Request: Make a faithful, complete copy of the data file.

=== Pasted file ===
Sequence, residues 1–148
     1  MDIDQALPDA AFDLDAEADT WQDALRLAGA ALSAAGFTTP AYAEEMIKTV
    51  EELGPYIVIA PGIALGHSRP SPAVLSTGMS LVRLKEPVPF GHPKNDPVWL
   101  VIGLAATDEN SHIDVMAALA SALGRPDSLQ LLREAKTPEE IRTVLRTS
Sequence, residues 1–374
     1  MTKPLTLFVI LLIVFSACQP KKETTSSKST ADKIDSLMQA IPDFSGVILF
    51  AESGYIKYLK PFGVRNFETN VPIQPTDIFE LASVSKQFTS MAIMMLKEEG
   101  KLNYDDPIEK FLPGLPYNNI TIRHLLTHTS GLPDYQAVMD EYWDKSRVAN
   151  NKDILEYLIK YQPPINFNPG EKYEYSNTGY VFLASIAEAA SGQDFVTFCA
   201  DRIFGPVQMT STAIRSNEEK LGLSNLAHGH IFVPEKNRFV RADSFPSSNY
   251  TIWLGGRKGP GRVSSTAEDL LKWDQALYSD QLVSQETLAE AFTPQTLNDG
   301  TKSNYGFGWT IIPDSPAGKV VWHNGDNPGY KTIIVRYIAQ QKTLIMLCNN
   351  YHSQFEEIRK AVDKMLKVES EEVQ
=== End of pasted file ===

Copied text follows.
Sequence, residues 1–148
     1  MDIDQALPDA AFDLDAEADT WQDALRLAGA ALSAAGFTTP AYAEEMIKTV
    51  EELGPYIVIA PGIALGHSRP SPAVLSTGMS LVRLKEPVPF GHPKNDPVWL
   101  VIGLAATDEN SHIDVMAALA SALGRPDSLQ LLREAKTPEE IRTVLRTS
Sequence, residues 1–374
     1  MTKPLTLFVI LLIVFSACQP KKETTSSKST ADKIDSLMQA IPDFSGVILF
    51  AESGYIKYLK PFGVRNFETN VPIQPTDIFE LASVSKQFTS MAIMMLKEEG
   101  KLNYDDPIEK FLPGLPYNNI TIRHLLTHTS GLPDYQAVMD EYWDKSRVAN
   151  NKDILEYLIK YQPPINFNPG EKYEYSNTGY VFLASIAEAA SGQDFVTFCA
   201  DRIFGPVQMT STAIRSNEEK LGLSNLAHGH IFVPEKNRFV RADSFPSSNY
   251  TIWLGGRKGP GRVSSTAEDL LKWDQALYSD QLVSQETLAE AFTPQTLNDG
   301  TKSNYGFGWT IIPDSPAGKV VWHNGDNPGY KTIIVRYIAQ QKTLIMLCNN
   351  YHSQFEEIRK AVDKMLKVES EEVQ